In "Les Miserables," why does Marius leave home?
In Victor Hugo's classic, "Les Miserables," he writes in Volume II, 6,
One day there was brought to his [M. Gillennormand's] house in a basket, something like an oyster bastket, a big boy, new-born, crying like the deuce, and duly wrapped in swaddling clothes, which a servant girl turned away six months before attributed to him.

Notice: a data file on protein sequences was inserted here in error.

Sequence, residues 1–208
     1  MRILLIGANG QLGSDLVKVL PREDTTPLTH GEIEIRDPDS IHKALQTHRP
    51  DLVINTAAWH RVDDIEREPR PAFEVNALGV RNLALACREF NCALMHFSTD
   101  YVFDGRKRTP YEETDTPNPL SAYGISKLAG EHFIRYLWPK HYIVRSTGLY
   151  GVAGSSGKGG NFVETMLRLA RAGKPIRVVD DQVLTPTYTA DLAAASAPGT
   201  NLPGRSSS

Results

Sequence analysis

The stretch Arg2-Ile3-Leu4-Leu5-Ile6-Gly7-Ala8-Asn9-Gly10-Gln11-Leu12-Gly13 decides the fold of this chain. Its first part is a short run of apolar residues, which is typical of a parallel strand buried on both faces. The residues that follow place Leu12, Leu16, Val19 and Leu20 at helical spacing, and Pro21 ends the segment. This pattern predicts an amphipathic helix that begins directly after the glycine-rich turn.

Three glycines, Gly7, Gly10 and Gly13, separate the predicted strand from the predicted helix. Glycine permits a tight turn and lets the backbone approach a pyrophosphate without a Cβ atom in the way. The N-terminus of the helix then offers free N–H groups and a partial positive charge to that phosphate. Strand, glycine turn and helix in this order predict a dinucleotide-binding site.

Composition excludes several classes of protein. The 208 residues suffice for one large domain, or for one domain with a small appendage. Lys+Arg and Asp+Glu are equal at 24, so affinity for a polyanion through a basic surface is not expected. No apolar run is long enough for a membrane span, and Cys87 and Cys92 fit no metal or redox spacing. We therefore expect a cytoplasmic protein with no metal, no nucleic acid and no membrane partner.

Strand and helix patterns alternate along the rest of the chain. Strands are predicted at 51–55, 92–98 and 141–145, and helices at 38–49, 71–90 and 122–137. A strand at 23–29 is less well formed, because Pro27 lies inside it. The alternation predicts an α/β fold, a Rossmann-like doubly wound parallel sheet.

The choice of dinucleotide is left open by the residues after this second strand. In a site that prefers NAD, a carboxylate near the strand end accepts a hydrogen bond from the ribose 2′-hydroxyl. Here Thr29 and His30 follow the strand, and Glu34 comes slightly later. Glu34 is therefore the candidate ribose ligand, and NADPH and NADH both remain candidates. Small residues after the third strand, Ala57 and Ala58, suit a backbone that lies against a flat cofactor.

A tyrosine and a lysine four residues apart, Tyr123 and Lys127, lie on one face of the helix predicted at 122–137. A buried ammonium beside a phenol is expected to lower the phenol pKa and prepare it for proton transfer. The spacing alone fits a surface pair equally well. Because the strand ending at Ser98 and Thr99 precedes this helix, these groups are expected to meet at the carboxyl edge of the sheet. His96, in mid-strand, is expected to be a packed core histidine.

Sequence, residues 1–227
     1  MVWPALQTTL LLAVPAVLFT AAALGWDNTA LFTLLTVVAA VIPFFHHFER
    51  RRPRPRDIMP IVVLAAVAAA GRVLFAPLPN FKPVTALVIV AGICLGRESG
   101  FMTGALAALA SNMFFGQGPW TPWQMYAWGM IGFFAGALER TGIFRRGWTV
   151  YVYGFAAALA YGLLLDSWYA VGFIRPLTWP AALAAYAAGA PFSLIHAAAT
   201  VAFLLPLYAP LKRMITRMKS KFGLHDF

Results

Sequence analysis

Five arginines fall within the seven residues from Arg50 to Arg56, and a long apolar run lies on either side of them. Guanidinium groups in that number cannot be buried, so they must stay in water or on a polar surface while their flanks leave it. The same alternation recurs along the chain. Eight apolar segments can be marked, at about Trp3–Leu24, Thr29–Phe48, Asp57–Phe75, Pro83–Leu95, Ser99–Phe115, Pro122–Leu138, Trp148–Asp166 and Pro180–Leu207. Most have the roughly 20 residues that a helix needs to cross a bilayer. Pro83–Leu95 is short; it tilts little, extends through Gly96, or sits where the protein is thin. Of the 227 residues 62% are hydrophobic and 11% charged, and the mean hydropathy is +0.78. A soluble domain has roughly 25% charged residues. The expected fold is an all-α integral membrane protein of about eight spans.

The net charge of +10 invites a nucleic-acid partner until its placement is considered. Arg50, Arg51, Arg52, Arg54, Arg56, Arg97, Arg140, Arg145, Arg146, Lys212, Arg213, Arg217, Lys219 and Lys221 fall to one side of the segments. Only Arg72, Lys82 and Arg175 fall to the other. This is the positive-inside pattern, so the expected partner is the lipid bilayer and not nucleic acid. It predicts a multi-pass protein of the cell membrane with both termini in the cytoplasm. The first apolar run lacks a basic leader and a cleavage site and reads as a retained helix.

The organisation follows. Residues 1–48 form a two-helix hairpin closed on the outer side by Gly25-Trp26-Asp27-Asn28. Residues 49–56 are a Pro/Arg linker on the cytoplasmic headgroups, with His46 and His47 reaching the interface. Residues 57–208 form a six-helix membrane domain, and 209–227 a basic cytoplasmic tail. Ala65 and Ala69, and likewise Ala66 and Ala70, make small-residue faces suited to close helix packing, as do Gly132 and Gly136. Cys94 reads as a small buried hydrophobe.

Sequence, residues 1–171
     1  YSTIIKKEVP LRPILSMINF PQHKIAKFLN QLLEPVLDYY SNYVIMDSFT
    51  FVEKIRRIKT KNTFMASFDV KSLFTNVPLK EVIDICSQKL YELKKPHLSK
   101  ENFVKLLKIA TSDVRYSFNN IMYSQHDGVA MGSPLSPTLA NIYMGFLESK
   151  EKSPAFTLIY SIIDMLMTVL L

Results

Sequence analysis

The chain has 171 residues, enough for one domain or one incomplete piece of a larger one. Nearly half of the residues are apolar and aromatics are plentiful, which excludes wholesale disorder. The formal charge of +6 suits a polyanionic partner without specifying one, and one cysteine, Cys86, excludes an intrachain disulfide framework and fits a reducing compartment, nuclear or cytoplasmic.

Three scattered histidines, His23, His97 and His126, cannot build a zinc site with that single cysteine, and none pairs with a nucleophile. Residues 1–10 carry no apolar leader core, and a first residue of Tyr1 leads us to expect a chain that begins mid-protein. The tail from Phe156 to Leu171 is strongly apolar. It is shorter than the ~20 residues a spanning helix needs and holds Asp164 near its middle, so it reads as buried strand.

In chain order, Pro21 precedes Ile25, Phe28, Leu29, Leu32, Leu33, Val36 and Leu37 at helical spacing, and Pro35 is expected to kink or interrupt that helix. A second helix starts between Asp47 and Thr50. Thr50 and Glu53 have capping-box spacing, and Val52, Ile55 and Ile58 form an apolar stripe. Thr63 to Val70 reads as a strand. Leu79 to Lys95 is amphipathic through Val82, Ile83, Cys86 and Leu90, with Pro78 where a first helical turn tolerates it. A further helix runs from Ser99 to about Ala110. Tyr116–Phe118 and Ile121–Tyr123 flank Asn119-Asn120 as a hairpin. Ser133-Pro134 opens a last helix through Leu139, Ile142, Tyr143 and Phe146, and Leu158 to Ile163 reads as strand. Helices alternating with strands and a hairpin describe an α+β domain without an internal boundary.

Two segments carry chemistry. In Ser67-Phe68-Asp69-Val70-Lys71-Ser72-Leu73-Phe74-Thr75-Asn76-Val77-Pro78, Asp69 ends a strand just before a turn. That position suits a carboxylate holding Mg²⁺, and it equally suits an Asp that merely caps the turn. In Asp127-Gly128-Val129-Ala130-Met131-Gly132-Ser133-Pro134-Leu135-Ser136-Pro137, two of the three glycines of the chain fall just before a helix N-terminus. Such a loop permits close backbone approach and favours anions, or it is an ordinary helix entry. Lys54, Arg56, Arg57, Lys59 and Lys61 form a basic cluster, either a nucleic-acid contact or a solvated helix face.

This baby is Marius, son of Colonel Georges Pontmercy of Napoleon's army, the son-in-law of Monsieur Luke Esprit Gillenormand, an old Royalist. The grandfather, who considers his son-in-law a "blockhead" because of his political affiliations, demands that the baby live with him. The Colonel agrees under duress, knowing that the child will have no inheritence if he does not comply. After Marius becomes a young man, through chance he sits one day in a chair that a man tells him is his; the name on the chair is M. Mabeuf, church-warden. M. Mabeuf recounts to Marius how a certain officer would hide in the bushes to see his son coming from Mass on Sunday with his aunt since this was the only time that he could see him. Marius, who has always thought that his father did not care for him as the grandfather had kept any communication from Marius, sets out to learn of his recently deceased father. He goes to a law library and learns all he can of the New Republic, learning a new respect for his father. When he returns wearing a black ribbon, the grandfather expects to find a portrait of a young lady hanging from it. Instead, there is a portrait of Marius's father and a box with cards printed for Marius with his real name. Enraged, the grandfather engages in a political argument with Marius and turns him out of his home.